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I want to train neural network on aesthetics. I am getting confused on how to go about for training data.

Assume, I have large data set of landscapes, portraits, wildlife etc which are aesthetic according to humans. But, I want to train them for the quality, the kind of colours involved, contrast levels, background blur etc.

How do I train images for this criteria? Is there a way for doing this by unsupervised learning?

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  • $\begingroup$ Quality is hard to define but I think it has to be interpreted in the context of a style ("good for its type"), so I would extract stylometric features for a binary classifier. Search for "style transfer" and you will find many recent leads. $\endgroup$ – Emre Sep 26 '17 at 21:21
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Modeling aesthetics in media is an example of ordinal classification. One of the most actively maintained datasets for this can be found is Jen Aesthetics A relatively recent paper using deep learning towards aesthetics modeling is this

Prior to deep learning era, research groups were trying to translate methods/guidelines used in the photography community to create/capture good quality pictures. There are several guidelines that you can explore with a bit of search online. One popular example is the 'rule of thirds'. Here the primary subject should not be centered in the image but offset and ideally centered at the intersection of 1/3 and 2/3 horizontal and vertical lines. rule-of-thirds

This is easy to translate into an algorithm: use salient object recognition or visual attention detection and measure the distance of the center of the salient/attention patch from the 4 rule-of-thirds points. Use this off-set as a feature. The closer the salient patch is to any one of the rule-of-third points, the higher the aesthetic ordinal score for that image.

This is another good paper that explores what makes images popular.

Some researchers have also used the tags or descriptions of photos as features. The objective here is to learn an association between lexical features and image aesthetics. They have sourced their data from online repositories like Digital Photography Challenge.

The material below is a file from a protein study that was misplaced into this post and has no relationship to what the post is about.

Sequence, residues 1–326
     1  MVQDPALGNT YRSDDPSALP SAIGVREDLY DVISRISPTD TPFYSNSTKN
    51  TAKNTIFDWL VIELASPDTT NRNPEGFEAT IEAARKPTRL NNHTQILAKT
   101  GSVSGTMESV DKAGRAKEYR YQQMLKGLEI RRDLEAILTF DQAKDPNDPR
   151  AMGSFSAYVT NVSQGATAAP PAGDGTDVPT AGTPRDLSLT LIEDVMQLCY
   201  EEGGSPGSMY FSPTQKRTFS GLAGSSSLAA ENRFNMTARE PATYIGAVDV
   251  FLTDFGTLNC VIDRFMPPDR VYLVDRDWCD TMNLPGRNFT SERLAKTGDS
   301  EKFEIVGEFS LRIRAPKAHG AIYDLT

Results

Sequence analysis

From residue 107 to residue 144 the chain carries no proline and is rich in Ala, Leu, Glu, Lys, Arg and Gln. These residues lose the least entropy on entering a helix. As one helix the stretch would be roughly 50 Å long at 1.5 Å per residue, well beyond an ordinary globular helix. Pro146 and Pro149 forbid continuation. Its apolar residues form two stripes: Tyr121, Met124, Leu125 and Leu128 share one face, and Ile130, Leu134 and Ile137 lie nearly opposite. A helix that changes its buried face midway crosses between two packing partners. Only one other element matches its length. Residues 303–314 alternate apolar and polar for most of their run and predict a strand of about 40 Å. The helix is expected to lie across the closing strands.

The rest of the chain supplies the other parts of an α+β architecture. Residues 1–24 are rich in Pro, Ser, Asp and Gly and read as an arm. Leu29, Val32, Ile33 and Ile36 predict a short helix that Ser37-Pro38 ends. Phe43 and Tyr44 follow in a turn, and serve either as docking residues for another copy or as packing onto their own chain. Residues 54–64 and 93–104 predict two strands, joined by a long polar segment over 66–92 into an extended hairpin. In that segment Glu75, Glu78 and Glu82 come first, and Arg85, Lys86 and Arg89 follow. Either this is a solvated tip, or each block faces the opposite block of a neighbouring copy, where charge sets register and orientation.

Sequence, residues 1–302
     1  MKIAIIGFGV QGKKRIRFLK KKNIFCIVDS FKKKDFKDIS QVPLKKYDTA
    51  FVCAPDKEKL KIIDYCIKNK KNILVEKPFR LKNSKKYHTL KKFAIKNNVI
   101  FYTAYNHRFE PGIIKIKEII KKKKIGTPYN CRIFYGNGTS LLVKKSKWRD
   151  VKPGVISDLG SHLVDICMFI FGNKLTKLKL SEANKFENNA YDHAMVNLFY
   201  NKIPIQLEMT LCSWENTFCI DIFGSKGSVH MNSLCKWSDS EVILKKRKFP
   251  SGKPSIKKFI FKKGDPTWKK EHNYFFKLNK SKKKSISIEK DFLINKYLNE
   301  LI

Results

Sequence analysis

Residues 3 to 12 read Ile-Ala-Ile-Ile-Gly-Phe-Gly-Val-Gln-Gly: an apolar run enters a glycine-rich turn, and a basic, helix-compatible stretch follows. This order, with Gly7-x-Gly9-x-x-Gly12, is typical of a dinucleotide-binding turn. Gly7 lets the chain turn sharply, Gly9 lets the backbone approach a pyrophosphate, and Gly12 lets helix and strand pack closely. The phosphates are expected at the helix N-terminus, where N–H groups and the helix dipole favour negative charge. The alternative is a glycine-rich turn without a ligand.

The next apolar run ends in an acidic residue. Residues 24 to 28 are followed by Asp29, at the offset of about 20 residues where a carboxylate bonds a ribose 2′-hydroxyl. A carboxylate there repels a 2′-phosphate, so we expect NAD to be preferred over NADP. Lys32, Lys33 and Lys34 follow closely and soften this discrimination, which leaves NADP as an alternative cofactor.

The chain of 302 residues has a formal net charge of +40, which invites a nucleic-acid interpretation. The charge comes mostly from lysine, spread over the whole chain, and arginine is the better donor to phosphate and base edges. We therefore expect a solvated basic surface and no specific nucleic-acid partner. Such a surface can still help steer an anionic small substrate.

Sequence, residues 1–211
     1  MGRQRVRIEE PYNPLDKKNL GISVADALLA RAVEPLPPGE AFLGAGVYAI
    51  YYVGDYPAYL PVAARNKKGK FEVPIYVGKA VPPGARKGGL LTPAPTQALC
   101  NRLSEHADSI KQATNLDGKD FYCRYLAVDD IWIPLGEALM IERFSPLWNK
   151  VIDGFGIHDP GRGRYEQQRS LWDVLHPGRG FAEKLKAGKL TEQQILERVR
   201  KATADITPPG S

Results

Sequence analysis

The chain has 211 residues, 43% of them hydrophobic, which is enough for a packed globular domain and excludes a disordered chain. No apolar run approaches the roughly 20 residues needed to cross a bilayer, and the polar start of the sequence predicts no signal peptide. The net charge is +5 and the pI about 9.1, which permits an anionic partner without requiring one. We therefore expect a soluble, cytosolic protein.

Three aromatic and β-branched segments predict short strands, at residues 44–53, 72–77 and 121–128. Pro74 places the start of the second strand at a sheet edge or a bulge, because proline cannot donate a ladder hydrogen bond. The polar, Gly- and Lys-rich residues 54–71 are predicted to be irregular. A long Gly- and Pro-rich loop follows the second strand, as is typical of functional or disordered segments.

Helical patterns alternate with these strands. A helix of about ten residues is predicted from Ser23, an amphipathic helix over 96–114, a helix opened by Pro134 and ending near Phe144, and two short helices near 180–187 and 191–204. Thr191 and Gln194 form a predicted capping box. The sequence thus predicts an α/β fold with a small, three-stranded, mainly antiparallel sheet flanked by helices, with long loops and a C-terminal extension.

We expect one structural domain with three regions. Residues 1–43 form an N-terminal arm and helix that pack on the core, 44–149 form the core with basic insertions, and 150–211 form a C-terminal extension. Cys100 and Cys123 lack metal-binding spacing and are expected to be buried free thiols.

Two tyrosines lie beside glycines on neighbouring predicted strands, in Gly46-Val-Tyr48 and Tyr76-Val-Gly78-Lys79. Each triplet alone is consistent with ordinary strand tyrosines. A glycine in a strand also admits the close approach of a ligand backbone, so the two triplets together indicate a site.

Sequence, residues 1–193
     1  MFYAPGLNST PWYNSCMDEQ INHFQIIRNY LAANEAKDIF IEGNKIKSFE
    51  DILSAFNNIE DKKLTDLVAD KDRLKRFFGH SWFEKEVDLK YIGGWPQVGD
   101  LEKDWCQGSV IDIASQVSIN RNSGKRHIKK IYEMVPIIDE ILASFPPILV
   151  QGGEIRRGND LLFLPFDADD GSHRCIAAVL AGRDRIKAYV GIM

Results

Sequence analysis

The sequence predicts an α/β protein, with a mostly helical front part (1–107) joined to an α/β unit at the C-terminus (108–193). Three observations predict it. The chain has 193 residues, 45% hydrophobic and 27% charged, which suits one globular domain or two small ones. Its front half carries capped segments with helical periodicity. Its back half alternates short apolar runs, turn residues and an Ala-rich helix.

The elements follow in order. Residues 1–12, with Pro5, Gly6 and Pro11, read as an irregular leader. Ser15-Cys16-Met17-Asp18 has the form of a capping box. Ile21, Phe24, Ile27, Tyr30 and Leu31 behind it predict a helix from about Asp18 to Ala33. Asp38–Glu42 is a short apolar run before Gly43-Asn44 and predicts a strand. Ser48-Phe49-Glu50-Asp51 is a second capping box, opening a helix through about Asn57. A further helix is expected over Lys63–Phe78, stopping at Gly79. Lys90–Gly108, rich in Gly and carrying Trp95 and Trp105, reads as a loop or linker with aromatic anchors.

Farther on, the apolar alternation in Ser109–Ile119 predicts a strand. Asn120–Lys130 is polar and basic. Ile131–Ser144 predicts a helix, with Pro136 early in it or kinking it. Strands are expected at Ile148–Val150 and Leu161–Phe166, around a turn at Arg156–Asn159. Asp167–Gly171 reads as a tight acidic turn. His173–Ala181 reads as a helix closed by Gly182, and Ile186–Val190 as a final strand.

This subjective task is needless to say very complex. If you plan to address it, I'd recommend beginning with a clear definition of the context within which you aim to address aesthetics.

Ideally, you'd like to map any given image (media) to some value in [0, ..., 1] $\in \mathcal{R}$. However, this is very difficult unless you have access to a lot of training data. I suggest trying instead to simplify the problem. If you can reliably map images to just two classes, good aesthetics and bad aesthetics.

You can successively generalize from binary classification to full fledged multi-class ordinal classification, for which you'll very likely have to keep increasing the depth of your CNN.

Good luck! Since, there is more to aesthetics than meets the eye! :-)

enter image description here

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  • $\begingroup$ Thank you for this detailed information. Much appreciated. As suggested, I will start with binary classification and keep adding more classes. The Jen dataset is more useful for me in my experiment. it has scientifically defined characteristics for aesthetics of image. When I personally look at photo, its not just the subject in it, but also how the photographer has used light, colors, background and stitched it perfectly. I was trying to see if that can be replicated. But, hard. However, your pointers are very helpful. :) Thanks a ton again. $\endgroup$ – Spiralarchitect Sep 27 '17 at 18:15
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Your question is not properly framed. Deep learning optimizes a function that maps input variables to output variables. Your input variables are the pictures (specifically, the combination of RGB pixel values). What are your output variables? That is, what specifically do you want the network to predict?

If you are trying to get the network to simply rate how aesthetically pleasing an image is on a scale of 1-10, that is fairly straightforward: simply have a large sample of human volunteers rate the images on this scale, and train the network to predict those ratings. If done properly, the network will then be able to give a fairly sophisticated prediction of whether or not a given image is aesthetically pleasing.

If you are trying to get the network to create aesthetically pleasing images, you have a long road ahead of you - this is an unsolved problem and an area of open research. Check out this post.

If you are trying to train a neural network to understand what qualities make an image aesthetically by detecting underlying patterns and communicating them to humans, you are probably using the wrong tool.

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